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Stitching together the global financial safety net

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  • Edd Denbee

    () (Bank of England)

  • Carsten Jung

    () (Bank of England)

  • Francesco Paternò

    () (Bank f Italy)

Abstract

Financial globalisation brings a number of benefits but can also increase the risk of financial crisis. In recent years, to reduce these risks to stability, countries have reformed financial regulation, enhanced frameworks for central bank liquidity provision and developed new elements, and increased the resources of the global financial safety net (GFSN). The traditional GFSN consisted of countries’ own foreign exchange reserves with the IMF acting as a backstop. But since the global financial crisis there have been a number of new arrangements added to the GFSN, in particular the expansion of swap lines between central banks and regional financing arrangements (RFAs). The new look GFSN is more fragmented than in the past, with multiple types of liquidity insurance and individual countries and regions having access to different size and types of financial safety nets. This paper finds that the components of the GFSN are not fully substitutable. We argue that while swap lines and RFAs can play an important role in the GFSN they are not a substitute for having a strong, well resourced, IMF at the centre of it. By running a series of stress scenarios we find that for all but the most severe crisis scenarios, the current resources of the GFSN are likely to be sufficient. However, this finding relies upon the IMF’s overall level of resources (including both permanent and temporary) being maintained at their current leveland masks some vulnerabilities at the country level.

Suggested Citation

  • Edd Denbee & Carsten Jung & Francesco Paternò, 2016. "Stitching together the global financial safety net," Questioni di Economia e Finanza (Occasional Papers) 322, Bank of Italy, Economic Research and International Relations Area.
  • Handle: RePEc:bdi:opques:qef_322_16
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    References listed on IDEAS

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    Cited by:

    1. IRC Task Force on IMF issues & Broos, Menno & Ghalanos, Michalis & Kennedy, Bernard & Landbeck, Alexander & Lerner, Christina & Menezes, Paula & Schiavone, Alessandro & Tilley, Thomas & Viani, Frances, 2016. "Dealing with large and volatile capital flows and the role of the IMF," Occasional Paper Series 180, European Central Bank.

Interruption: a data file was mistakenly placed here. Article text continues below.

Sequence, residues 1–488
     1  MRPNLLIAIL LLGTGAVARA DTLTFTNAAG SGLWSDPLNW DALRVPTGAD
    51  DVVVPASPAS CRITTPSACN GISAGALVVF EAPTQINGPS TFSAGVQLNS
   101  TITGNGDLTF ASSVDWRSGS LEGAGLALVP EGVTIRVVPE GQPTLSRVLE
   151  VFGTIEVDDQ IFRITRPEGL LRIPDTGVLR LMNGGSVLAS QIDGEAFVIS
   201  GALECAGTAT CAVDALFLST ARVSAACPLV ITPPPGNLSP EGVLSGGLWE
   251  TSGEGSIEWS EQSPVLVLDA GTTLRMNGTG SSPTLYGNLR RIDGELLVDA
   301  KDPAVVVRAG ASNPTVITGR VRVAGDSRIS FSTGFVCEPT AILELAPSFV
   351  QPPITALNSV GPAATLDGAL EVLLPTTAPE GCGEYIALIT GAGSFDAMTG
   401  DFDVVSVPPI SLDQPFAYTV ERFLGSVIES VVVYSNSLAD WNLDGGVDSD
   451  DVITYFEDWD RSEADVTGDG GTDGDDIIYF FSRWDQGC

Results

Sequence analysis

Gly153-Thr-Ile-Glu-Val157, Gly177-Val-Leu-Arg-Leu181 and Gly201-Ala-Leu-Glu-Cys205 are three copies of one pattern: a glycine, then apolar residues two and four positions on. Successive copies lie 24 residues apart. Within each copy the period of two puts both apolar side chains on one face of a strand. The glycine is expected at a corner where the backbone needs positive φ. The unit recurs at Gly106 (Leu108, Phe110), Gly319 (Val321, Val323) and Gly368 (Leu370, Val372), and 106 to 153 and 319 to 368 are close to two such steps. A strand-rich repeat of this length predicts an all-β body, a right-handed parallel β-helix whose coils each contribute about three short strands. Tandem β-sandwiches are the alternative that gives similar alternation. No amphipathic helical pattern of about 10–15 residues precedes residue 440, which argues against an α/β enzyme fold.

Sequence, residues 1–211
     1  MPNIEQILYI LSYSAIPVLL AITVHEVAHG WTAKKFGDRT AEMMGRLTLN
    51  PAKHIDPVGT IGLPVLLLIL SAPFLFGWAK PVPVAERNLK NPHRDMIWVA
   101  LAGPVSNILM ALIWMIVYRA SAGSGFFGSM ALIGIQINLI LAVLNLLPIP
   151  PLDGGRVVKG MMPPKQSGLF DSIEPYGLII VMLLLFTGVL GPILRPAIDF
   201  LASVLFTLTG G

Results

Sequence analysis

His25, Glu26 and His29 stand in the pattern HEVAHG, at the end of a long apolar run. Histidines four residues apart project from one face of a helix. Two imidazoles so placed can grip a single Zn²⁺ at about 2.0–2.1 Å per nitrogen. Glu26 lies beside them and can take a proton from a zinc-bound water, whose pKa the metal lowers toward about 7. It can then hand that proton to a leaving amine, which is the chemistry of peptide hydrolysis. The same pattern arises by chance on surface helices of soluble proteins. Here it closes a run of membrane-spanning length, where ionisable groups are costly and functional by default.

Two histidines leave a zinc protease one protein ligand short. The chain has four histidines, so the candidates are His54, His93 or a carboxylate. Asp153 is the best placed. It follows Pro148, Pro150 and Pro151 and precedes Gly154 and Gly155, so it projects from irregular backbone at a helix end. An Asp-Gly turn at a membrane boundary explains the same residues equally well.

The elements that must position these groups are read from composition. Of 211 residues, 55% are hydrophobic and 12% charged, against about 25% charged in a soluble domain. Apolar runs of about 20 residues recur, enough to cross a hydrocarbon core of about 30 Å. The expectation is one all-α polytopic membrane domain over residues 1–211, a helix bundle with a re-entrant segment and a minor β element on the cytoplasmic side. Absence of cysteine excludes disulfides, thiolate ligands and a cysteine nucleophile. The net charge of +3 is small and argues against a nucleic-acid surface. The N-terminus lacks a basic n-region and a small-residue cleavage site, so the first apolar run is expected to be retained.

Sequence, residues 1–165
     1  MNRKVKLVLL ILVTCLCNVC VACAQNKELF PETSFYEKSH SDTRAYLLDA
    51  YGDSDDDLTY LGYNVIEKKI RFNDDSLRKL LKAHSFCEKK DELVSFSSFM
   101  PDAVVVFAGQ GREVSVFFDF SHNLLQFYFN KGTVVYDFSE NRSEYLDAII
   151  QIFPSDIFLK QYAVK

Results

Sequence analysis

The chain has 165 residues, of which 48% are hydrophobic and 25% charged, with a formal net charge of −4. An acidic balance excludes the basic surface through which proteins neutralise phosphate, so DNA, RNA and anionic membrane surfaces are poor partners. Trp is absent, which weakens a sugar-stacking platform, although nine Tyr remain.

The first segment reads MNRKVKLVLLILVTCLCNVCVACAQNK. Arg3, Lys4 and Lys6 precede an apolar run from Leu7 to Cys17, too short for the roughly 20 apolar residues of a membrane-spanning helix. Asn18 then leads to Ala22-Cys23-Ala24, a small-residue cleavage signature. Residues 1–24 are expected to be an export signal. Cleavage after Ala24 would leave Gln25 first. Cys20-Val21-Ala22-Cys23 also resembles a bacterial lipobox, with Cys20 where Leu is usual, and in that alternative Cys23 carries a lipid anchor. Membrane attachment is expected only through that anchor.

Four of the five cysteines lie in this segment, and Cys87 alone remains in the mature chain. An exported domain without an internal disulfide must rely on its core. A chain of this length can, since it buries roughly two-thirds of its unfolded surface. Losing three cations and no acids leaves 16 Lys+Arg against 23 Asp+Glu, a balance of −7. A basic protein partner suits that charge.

2. repec:nbb:ecrart:y:2017:m:september:i:ii:p:87-112 is not listed on IDEAS
    3. Dennis Essers & Stefaan Ide, 2017. "The IMF and precautionary lending : An empirical evaluation of the selectivity and effectiveness of the flexible credit line," Working Paper Research 323, National Bank of Belgium.
    4. Hoggarth, Glen & Jung, Carsten & Reinhardt, Dennis, 2016. "Capital inflows — the good, the bad and the bubbly," Bank of England Financial Stability Papers 40, Bank of England.
    5. Scheubel, Beatrice & Herrala, Risto & Stracca, Livio, 2016. "What do we know about the global financial safety net? Data, rationale and possible evolution," Annual Conference 2016 (Augsburg): Demographic Change 145676, Verein für Socialpolitik / German Economic Association.
    6. Dennis Essers & Stefaan Ide, 2017. "The IMF and precautionary lending : An empirical evaluation of the selectivity and effectiveness of the flexible credit line," Working Paper Research 323, National Bank of Belgium.
    7. Stracca, Livio & Scheubel, Beatrice, 2016. "What do we know about the global financial safety net? Rationale, data and possible evolution," Occasional Paper Series 177, European Central Bank.
    8. Beatrice D. Scheubel & Livio Stracca, 2016. "What Do We Know About the Global Financial Safety Net? A New Comprehensive Data Set," CESifo Working Paper Series 6184, CESifo Group Munich.

    More about this item

    Keywords

    balance of payments; global financial safety net; IMF; foreign exchange reserves; regional financing arrangements; swap lines;

    JEL classification:

    • F33 - International Economics - - International Finance - - - International Monetary Arrangements and Institutions
    • E58 - Macroeconomics and Monetary Economics - - Monetary Policy, Central Banking, and the Supply of Money and Credit - - - Central Banks and Their Policies

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